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Sunday, July 12 2020 @ 10:36 pm ACST

Fifth AFL Unity Cup 2012 played in Melbourne


The fifth AFL Unity Cup, which brings together particular and mixed multicultural footy teams from all around Australia, came to Holland Park ovals in Kensington, a few torpedo punts away from North Melbourne’s Arden St ground, on the last Sunday in March, the month which celebrates Harmony Day around Australia.

This festival of footy and community festival was started originally by Essendon. Supported by the AFL Multicultural Program and the Australian Federal Police, it featured teams from Perth, Adelaide, Sydney and Melbourne. The teams played under 18 footy in the AFL 9s format – 9 a side played on a small oval marked out on the artificial turf ground at Holland Park and smaller grounds on the adjacent ovals.

In this game, contests are for the football rather than tackling contests as it is a game of limited contact and with several varied rules. The result was exciting and skilful contests.

The winning team, MUJU Peace Club, which combines Jewish and Arab members, defeated the Hawthorn supported Box Hill Dragons in the final, 6.2.38 to 2.1.13. The premiership cup and best player awards were presented by Bachar Houli, the Richmond (and formerly Essendon) player, who enthusiastically posed for photos with the teams.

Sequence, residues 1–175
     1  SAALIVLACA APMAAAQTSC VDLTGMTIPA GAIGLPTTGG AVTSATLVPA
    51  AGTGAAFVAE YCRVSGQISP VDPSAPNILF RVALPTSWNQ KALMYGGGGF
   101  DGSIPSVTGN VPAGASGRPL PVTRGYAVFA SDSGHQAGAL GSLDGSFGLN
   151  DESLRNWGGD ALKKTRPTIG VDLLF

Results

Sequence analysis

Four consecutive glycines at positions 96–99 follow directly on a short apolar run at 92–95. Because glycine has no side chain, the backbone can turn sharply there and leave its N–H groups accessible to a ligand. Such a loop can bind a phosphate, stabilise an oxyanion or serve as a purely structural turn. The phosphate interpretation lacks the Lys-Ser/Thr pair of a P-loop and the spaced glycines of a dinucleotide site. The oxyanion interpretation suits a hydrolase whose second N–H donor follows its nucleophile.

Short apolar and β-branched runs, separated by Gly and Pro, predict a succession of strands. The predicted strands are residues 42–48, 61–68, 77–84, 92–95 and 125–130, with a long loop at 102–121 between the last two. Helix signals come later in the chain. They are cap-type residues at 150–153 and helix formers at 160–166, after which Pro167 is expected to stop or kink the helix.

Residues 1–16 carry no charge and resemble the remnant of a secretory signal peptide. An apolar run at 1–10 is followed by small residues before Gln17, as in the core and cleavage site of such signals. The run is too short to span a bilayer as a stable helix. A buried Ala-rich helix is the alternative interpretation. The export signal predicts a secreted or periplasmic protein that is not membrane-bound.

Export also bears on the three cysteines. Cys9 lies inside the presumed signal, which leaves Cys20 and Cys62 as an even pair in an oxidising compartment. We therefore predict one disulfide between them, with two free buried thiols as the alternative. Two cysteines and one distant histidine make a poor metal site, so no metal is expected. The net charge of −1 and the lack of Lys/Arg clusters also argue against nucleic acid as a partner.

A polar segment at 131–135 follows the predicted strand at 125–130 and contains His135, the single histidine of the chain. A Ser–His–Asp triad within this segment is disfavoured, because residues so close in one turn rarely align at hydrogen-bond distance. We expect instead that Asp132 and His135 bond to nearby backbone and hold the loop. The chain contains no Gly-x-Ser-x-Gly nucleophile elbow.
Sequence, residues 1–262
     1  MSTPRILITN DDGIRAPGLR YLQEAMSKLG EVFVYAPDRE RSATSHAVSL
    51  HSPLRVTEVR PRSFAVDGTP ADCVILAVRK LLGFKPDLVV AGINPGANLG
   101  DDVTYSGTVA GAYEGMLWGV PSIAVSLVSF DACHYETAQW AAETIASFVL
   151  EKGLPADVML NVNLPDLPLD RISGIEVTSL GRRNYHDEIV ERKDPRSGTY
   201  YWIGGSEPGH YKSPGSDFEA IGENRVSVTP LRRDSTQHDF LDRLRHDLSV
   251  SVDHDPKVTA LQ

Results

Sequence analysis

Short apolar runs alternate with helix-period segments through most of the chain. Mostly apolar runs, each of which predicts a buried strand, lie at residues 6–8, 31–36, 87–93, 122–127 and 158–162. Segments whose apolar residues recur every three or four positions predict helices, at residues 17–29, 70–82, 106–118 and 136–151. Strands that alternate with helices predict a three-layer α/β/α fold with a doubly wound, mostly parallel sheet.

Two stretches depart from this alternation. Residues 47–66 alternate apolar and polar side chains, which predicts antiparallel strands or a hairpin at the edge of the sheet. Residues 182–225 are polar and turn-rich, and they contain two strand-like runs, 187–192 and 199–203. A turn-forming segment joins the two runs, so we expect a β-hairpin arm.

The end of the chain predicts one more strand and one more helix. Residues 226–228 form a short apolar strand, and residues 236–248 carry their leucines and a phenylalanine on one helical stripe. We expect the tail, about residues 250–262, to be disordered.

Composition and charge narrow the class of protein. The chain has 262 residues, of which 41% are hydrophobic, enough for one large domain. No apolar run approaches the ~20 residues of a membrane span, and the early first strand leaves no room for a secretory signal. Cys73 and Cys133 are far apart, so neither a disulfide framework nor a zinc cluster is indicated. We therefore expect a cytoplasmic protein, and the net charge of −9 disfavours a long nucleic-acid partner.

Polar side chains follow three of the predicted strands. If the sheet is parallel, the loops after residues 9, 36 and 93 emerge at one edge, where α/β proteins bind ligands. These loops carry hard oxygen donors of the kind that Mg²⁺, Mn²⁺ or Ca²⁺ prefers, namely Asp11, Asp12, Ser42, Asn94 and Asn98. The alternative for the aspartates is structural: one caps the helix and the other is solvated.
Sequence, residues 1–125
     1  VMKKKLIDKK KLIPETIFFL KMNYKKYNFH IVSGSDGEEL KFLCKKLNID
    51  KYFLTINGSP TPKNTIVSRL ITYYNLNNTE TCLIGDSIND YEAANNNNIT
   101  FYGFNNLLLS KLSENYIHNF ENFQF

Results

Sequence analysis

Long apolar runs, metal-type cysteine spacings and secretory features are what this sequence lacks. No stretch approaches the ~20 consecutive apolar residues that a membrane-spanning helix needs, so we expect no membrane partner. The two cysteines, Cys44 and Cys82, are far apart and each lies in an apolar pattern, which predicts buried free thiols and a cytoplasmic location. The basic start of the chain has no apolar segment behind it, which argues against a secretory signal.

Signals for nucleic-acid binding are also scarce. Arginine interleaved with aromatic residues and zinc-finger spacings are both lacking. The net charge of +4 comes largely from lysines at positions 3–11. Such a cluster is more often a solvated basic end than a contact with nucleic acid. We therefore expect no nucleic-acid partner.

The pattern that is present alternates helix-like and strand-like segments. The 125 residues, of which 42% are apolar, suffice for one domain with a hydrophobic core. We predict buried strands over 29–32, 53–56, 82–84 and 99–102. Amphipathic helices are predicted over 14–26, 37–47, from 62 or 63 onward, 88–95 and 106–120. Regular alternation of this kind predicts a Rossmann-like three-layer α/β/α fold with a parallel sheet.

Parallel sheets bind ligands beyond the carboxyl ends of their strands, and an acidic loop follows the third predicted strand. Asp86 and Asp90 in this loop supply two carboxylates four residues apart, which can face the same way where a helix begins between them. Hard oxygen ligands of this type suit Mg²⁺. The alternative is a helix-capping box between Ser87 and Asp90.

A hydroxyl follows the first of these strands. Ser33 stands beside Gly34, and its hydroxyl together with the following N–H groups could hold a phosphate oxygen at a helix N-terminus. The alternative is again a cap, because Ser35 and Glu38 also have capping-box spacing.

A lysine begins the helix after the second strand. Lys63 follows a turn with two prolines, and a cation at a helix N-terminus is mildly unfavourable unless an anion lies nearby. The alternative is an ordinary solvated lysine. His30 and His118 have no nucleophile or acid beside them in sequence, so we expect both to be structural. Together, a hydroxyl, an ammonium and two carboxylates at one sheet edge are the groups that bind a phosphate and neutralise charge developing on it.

Several AFL clubs, including North Melbourne, Essendon, Western Bulldogs and Hawthorn, have been active supporters of the program as have the multicultural officers of the AFL and AFL Victoria and their interstate counterparts. Players’ diverse family backgrounds included Africa, Asia, the Middle East and beyond.

The Western Bulldogs supported three affiliated teams, the Newport Islamic Society, UHS / VU Flemington and MUJU Peace Club. MUJU team’s players came from Bialik College and Newport Islamic Society, inspired by the Israeli Palestinian team in the 2011 International Cup of 21 nations which was played in Sydney and Melbourne.

Similarly, the Dragons arose in part after Box Hill North’s engagement with visiting Japanese players as well as the large Chinese population of the area.

Brendan McFaull, Perth coach and co-ordinator of the Bakari Royals, reflected on the progress. East Perth WAFL club once thought it had a limited zone due to its multicultural character, but now the new programs have produced top junior and senior players. ‘Bakari’ means ‘promising’ in Swahili, and the AFP also hopes that community engagement through footy encourages inclusiveness and social harmony.
Educational groups presented information on training opportunities, and as sponsors, as footy development at its best proceeds in association with educational development.

All players received a medal for participation which can be significant for individuals who are not always used to winning awards.

It was a great day of Australian Football and a community festival.

For another multi-cultural related story, see AFL and Australia Post announce Multicultural Ambassadors.

And the big men fly - for unity

Next Year? Brendan McSpaull and Bakari Royals holding the Unity Cup

AFL Multicultural Oficer and Richmond player Bachar Houli and Dragons


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